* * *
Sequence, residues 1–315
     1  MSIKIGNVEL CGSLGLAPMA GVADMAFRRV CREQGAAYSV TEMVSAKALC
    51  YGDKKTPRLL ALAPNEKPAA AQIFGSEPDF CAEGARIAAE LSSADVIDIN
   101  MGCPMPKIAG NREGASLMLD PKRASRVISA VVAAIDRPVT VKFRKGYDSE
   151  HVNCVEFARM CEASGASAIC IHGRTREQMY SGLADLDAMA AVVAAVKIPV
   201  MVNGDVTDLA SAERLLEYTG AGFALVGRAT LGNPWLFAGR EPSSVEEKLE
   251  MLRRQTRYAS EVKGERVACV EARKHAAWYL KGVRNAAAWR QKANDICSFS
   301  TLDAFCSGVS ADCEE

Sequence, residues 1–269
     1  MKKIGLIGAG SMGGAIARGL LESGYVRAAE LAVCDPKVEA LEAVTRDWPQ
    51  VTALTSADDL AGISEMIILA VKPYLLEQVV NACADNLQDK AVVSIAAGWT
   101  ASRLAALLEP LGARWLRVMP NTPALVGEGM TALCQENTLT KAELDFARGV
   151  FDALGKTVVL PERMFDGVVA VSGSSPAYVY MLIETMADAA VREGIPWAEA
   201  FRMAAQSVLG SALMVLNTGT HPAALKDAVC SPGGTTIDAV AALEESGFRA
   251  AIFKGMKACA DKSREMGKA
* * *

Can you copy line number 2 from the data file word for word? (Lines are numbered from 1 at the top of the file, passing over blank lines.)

     1  MSIKIGNVEL CGSLGLAPMA GVADMAFRRV CREQGAAYSV TEMVSAKALC